Guest Blogger: Tim Ball, Ball & Boyd Public Adjusters, Inc.
CO-Insurance by Tim Ball
As public adjusters dealing with commercial businesses statewide, we were asked to write a brief on a topic of our choice that would benefit the visitors of the Commercial Realty Advisor’s website. We have chosen CO-INSURANCE.
We have been handling claims and representing home and business owners since 1989. An issue that often confuses insured holding commercial policies is CO-INSURANCE. This is a term for a common policy condition that the insured not only doesn’t understand, but most of the time doesn’t know the condition is in the policy at all. It is used primarily to lower premiums, but the insured doesn’t realize it is usually lowering coverage!
I could hold a day-long seminar on the issue, but will keep the explanation as simple as possible. When reviewing the Policy Declarations or Cover Page, when the word “Co-Insurance” appears, there will be a percentage next to it, usually 80%, 90%, or 100%. Essentially, the percentage noted is defining what the stated COVERAGE AMOUNT is supposed to represent in terms of that same percentage of the VALUE of the property. For example, a policy showing $100,000.00 coverage at 80% co-insurance means that the insured is stating (or agreeing) that $100,000.00 is, in fact, 80% of the value of the property. So…if the value of the property is $125,000.00, they are IN COMPLIANCE with the condition of co-insurance. Here’s the math…$125,000.00 x 80% = $100,000.00, and $100,000.00 is the amount of coverage, so everything is OK.
A more typical example is when we know the value of the property is $200,000.00, yet the policy is written for $100,000.00 at 80% co-insurance. If the value is $200,000.00, then we multiply that by the 80% to determine that the amount of COVERAGE SHOULD BE $160,000.00. Because the written coverage is $100,000, and due to the co-insurance clause should be $160,000.00, now the insured can only recover 100/160 of the calculated damages. They will ONLY COLLECT 63% OF THE AGREED AMOUNT OF DAMAGE; this is discussed in terms of a 37% CO-INSURANCE PENALTY. If the co-insurance percentage is 90% or 100%, the penalty would be even greater.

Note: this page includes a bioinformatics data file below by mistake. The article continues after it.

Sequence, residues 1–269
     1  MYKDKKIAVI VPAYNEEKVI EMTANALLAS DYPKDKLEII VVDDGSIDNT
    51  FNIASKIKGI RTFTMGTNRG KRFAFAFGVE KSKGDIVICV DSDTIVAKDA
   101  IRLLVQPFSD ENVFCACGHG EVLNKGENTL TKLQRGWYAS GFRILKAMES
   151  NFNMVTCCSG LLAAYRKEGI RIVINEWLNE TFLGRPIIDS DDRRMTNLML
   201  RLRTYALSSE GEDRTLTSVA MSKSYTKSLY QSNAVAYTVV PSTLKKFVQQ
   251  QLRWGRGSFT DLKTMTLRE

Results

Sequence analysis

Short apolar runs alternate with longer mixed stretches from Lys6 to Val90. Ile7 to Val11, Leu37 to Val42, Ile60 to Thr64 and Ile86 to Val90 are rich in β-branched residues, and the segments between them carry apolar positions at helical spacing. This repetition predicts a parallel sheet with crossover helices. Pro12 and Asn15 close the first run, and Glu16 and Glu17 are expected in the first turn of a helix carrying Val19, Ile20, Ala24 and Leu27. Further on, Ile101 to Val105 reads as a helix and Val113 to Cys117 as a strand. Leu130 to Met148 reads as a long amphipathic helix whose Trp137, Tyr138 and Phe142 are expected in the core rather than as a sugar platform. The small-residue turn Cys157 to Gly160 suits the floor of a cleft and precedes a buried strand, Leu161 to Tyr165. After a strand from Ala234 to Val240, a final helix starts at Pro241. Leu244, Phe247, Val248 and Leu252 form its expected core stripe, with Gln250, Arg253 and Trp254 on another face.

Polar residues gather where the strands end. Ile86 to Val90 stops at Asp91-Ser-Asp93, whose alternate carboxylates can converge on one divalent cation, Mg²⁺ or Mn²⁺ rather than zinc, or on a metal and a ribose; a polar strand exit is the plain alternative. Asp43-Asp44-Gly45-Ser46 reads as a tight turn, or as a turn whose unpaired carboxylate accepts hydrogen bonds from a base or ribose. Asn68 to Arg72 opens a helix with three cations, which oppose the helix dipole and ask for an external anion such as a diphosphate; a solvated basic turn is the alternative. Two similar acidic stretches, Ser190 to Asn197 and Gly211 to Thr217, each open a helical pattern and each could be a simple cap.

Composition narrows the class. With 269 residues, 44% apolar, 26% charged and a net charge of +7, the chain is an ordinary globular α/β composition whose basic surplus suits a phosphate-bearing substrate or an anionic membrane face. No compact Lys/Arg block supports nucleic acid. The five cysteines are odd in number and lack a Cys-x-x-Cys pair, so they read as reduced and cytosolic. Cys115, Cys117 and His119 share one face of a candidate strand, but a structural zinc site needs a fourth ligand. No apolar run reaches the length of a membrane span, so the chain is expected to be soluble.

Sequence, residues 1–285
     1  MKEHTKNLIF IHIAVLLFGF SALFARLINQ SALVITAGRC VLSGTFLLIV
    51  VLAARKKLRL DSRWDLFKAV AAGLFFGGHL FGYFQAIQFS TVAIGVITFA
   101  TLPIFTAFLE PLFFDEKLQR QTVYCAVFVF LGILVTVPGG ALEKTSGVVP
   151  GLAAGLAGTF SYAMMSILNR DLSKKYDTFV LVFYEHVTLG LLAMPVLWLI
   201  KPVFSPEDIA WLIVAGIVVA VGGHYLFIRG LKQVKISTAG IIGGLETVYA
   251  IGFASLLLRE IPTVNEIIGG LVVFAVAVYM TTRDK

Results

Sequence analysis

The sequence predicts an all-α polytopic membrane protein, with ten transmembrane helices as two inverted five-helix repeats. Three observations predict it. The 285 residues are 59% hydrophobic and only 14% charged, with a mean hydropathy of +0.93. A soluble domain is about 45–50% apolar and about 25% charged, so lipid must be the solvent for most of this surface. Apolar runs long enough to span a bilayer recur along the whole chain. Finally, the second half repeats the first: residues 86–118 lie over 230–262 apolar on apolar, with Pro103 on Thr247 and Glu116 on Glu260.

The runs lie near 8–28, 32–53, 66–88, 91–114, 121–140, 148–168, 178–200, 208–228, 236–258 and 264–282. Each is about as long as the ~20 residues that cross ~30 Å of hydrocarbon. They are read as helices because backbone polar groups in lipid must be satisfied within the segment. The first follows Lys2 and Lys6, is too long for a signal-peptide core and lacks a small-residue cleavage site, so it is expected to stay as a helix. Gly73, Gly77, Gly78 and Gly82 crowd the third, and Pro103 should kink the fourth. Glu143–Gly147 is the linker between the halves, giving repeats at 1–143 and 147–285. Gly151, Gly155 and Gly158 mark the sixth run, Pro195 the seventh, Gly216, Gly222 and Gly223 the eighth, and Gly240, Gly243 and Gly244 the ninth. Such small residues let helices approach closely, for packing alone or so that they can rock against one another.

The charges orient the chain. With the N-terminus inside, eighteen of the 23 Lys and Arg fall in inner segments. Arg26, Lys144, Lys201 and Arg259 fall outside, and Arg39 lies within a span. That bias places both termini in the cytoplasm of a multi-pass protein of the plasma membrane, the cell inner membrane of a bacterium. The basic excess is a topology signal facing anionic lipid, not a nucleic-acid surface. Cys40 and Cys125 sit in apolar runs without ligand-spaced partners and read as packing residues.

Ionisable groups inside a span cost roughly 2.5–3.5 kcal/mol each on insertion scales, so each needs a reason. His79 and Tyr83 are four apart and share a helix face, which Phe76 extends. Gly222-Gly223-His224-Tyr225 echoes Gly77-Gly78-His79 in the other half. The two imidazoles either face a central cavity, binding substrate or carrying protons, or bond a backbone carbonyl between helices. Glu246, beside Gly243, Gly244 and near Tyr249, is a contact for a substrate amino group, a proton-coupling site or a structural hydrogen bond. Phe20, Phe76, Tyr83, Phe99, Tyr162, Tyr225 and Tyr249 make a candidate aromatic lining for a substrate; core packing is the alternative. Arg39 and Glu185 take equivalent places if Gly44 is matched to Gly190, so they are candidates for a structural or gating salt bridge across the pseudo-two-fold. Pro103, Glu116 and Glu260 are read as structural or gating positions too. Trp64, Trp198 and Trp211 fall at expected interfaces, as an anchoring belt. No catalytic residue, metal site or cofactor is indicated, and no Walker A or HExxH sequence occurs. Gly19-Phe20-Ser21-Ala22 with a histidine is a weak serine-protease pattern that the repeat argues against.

“VALUE” is either the Replacement Cost (RC) or Actual Cash Value (ACV) of the property, depending on whether it’s a RC or ACV POLICY. It has nothing to do with Market Value; it’s about the estimated cost of reconstruction. If the example above with the 200K value is to be examined on an ACV basis, we would do the following: Start with 200K, subtract the estimated depreciation on the property, let’s say 15%, which now puts the VALUE (ACV) at 170K. Multiply 170K x 80% = $136,000.00, and now the insured can recover 100/136 of the calculated ACV damages or 74%, suffering only a 26% penalty. It looks like you would be better off with an ACV policy, but that’s only when the amount of coverage is so far off that a significant penalty applies so attempting to reduce the penalty becomes the goal.
Co-Insurance can apply to Buildings, Business Personal Property, and even Business Interruption.
Remember, it’s all about the amount of COVERAGE you SHOULD HAVE, and what percentage of that the actual amount of coverage represents.
If a policy has the two MAGIC WORDS “AGREED VALUE”, then the co-insurance DOESN’T APPLY AT ALL even though it appears it does.
Anyone can feel free to call anytime with questions. We represent the public, so we’re happy to help in any way we can.
When someone thinks they might have an insurance claim, they should CALL US FIRST!
Timothy Ball is a Principal at Ball & Boyd Public Adjusters, Inc. You can reach him at:
Timothy M. Ball
Ball & Boyd Public Adjusters, Inc.
237 Route 149
P.O. Box 1556
Marstons Mills, MA 02648
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